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How to stay safe when scanning QR codes

Guest post from Simon Ellson.

As I went gift shopping over the festive season, I found that most adverts I walked past on the London Underground had QR codes.

 

 

I think most people are familiar with QR codes but if you aren’t; QR (Quick Response) codes are a type of matrix barcode that companies add to adverts and posters that, if scanned using a QR reader on a mobile device, take you to a website for further information related to the advertisement or poster on which the QR code appeared. QR codes were created and originally used by the automotive industry as an efficient way to track vehicles during the manufacturing process but they are now used widely as an advertising aid. However, they are also open to misuse by criminals; Imagine a wall of advertisements with their QR codes displayed. Then imagine how easy it would be for a criminal to stick their own QR rogue code over a bona fide one. Someone quickly scanning the advert as they walk past probably wouldn’t notice that the original QR code has been tampered with and that they were potentially infecting their mobile device courtesy of a rogue QR code. This type of attack on a smart phone is known as attagging.

 

 


We all need to be aware of these dangers and be vigilant when scanning QR codes for signs of tampering. 2d Code recently provided tips on how you can scan a QR code safely. One of the tips that they gave was to install an app on your mobile device. This gives an added level of security and helps to protect your stuff.  2d Code recommends using Norton Snap. This is a free QR code reader which functions as a typical reader and also provides the added benefit of security to the scan. Norton Snap analyses web sites to see how they will affect you and your device before you actually visit that site. You can download Norton Snap via iTunes or the Android market place. QR is short for Quick Response and if you act too quickly you could get a quick response you were not expecting. Stay safe!

Comments

Kudos0

Guest post from Simon Ellson.

As I went gift shopping over the festive season, I found that most adverts I walked past on the London Underground had QR codes.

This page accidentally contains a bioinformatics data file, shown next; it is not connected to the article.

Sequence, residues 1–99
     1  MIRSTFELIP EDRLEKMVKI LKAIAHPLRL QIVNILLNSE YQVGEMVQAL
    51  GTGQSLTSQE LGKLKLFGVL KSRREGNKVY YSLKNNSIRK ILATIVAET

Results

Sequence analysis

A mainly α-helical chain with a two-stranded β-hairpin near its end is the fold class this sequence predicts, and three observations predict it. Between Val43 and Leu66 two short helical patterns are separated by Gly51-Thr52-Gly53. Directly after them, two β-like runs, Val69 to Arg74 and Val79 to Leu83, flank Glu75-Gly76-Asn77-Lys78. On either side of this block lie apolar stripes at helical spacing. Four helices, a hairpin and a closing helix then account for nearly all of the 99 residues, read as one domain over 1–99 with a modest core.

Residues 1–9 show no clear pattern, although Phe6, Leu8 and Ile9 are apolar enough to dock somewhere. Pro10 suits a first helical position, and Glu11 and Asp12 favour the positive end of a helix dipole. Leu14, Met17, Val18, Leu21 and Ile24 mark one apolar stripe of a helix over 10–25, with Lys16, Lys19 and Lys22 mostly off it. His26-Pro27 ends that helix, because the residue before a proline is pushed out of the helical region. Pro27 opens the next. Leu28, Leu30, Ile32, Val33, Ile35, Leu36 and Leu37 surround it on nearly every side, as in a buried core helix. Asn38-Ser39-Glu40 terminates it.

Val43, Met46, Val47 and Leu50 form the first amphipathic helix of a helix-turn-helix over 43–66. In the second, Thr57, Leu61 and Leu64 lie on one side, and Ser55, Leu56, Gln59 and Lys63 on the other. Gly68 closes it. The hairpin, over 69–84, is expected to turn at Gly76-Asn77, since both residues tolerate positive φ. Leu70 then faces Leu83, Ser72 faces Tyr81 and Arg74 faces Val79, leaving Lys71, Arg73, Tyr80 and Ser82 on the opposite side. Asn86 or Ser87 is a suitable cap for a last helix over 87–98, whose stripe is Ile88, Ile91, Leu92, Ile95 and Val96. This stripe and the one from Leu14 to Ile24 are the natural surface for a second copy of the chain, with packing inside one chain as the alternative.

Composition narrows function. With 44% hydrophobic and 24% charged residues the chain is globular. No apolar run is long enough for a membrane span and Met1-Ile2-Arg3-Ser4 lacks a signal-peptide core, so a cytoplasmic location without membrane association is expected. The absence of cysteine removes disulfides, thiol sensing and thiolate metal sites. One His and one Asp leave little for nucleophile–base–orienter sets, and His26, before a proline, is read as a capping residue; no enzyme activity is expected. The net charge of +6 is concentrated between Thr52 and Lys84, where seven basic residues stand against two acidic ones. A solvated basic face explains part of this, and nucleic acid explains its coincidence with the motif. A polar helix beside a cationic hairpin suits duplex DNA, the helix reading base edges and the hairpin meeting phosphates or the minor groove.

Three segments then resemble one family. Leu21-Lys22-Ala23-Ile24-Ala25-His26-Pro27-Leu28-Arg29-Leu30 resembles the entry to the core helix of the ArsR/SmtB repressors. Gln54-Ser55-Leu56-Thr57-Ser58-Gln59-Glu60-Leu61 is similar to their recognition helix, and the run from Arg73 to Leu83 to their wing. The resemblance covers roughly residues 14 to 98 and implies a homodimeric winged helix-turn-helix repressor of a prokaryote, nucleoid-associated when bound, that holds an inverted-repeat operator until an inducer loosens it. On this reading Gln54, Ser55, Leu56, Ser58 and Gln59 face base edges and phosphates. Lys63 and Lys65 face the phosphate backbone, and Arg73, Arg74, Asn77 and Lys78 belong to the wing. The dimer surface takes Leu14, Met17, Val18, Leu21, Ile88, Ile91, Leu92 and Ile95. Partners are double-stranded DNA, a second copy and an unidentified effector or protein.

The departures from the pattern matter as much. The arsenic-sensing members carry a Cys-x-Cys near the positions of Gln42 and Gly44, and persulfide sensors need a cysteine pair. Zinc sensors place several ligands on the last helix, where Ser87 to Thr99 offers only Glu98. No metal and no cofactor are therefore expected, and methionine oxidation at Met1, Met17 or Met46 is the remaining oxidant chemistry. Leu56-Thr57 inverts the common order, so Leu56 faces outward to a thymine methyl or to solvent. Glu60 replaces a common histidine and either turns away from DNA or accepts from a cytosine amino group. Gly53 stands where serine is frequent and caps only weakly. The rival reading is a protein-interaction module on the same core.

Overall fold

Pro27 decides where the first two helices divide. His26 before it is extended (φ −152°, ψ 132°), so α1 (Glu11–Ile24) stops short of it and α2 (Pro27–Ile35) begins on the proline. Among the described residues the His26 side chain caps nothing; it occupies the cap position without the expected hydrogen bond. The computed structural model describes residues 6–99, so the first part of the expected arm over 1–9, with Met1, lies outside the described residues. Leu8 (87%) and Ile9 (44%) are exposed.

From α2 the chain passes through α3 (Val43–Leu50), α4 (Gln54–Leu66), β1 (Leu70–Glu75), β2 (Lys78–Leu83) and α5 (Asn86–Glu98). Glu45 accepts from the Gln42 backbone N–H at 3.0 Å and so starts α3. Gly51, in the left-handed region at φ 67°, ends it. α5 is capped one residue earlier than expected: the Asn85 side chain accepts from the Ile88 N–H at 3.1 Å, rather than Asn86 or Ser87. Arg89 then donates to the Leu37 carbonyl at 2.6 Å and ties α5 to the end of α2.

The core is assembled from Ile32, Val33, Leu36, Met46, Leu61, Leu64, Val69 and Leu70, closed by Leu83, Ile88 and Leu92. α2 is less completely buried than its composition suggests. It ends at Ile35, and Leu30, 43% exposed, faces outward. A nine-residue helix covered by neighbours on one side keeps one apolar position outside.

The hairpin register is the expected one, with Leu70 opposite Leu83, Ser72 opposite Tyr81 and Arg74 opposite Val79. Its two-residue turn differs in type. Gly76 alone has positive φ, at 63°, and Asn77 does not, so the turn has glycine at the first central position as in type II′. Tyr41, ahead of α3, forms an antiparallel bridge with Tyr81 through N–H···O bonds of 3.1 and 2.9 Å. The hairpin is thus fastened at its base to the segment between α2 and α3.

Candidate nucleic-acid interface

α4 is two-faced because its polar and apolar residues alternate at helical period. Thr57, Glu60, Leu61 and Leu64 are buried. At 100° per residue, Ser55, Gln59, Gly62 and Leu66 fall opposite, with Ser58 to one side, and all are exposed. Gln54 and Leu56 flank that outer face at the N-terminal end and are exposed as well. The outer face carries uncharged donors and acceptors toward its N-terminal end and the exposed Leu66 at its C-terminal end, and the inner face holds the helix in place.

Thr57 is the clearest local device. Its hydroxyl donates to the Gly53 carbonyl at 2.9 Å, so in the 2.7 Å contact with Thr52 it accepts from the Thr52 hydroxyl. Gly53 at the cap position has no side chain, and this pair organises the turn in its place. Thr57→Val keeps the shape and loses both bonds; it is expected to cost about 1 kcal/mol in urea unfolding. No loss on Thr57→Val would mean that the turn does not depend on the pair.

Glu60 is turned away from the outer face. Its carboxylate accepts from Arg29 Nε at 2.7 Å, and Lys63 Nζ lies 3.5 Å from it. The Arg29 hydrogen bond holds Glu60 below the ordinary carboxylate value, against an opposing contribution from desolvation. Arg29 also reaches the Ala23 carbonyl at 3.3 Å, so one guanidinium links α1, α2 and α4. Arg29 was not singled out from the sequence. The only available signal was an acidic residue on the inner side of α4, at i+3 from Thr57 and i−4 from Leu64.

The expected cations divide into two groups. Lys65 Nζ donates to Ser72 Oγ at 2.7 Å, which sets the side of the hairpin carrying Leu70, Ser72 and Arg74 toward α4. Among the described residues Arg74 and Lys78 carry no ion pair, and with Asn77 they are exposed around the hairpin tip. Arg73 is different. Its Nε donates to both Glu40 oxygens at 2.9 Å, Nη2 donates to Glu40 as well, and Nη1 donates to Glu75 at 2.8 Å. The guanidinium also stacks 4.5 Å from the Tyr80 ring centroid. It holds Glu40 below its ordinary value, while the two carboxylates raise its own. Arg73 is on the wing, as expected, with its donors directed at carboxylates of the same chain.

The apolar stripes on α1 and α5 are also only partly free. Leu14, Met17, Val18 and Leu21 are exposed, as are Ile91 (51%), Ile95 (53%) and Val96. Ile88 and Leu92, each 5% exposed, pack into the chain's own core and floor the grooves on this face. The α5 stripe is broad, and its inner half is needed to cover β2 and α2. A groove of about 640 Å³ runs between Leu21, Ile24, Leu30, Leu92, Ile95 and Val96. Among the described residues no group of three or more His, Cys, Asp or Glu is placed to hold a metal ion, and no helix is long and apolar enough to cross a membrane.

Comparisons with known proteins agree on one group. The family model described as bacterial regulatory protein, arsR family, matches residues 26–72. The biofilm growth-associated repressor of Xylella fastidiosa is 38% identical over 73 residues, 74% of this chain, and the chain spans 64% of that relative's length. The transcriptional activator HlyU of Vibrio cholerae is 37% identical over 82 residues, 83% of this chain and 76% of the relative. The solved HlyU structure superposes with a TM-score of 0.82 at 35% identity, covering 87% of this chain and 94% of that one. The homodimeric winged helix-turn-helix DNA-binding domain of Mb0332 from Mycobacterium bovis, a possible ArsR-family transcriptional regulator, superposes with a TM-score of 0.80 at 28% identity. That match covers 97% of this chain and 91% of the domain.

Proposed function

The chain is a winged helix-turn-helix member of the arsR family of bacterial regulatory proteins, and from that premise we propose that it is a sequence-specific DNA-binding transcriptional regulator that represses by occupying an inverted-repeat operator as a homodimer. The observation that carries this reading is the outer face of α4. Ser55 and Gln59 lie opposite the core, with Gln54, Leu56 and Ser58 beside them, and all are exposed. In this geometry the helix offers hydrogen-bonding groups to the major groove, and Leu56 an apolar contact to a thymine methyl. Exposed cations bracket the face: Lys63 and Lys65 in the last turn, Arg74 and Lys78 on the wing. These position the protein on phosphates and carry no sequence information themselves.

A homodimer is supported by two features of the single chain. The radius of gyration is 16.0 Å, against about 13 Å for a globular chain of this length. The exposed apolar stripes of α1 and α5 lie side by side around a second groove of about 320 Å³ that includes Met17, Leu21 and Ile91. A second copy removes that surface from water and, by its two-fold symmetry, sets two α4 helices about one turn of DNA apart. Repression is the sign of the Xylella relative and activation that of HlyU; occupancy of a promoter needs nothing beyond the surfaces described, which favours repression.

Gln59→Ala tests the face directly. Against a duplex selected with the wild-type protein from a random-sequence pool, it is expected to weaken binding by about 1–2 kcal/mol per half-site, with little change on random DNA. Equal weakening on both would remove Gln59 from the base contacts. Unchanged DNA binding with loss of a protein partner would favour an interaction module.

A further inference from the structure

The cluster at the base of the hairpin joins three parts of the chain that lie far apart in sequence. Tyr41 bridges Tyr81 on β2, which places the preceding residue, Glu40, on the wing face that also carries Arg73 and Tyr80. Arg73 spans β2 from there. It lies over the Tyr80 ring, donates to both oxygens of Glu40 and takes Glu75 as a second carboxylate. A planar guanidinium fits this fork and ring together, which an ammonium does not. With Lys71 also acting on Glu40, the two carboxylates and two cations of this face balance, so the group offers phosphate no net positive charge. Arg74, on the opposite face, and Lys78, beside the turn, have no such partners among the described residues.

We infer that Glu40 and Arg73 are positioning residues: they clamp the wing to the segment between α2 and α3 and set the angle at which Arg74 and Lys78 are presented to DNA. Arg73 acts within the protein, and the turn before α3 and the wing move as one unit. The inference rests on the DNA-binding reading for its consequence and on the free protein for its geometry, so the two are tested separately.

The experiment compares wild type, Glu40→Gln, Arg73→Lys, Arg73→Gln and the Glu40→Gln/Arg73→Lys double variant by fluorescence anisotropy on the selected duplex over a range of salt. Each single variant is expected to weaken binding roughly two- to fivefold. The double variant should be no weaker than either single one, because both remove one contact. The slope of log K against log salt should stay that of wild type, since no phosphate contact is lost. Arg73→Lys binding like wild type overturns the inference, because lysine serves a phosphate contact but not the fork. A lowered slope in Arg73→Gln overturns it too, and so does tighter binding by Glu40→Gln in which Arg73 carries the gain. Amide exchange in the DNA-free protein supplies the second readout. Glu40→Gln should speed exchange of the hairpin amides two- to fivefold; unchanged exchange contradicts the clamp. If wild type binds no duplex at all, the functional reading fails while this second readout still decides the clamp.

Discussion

I think most people are familiar with QR codes but if you aren’t; QR (Quick Response) codes are a type of matrix barcode that companies add to adverts and posters that, if scanned using a QR reader on a mobile device, take you to a website for further information related to the advertisement or poster on which the QR code appeared. QR codes were created and originally used by the automotive industry as an efficient way to track vehicles during the manufacturing process but they are now used widely as an advertising aid. However, they are also open to misuse by criminals; Imagine a wall of advertisements with their QR codes displayed. Then imagine how easy it would be for a criminal to stick their own QR rogue code over a bona fide one. Someone quickly scanning the advert as they walk past probably wouldn’t notice that the original QR code has been tampered with and that they were potentially infecting their mobile device courtesy of a rogue QR code. This type of attack on a smart phone is known as attagging.

 

 


We all need to be aware of these dangers and be vigilant when scanning QR codes for signs of tampering. 2d Code recently provided tips on how you can scan a QR code safely. One of the tips that they gave was to install an app on your mobile device. This gives an added level of security and helps to protect your stuff.  2d Code recommends using Norton Snap. This is a free QR code reader which functions as a typical reader and also provides the added benefit of security to the scan. Norton Snap analyses web sites to see how they will affect you and your device before you actually visit that site. You can download Norton Snap via iTunes or the Android market place. QR is short for Quick Response and if you act too quickly you could get a quick response you were not expecting. Stay safe!

Kudos0

This is really helpful. My smartphone has been infected with virus for third times when I am scanning QR Code

Kudos0

We're really glad you found this helpful, Alanda. Check back regularly on the blog for more advice and links to some of Norton's free tools!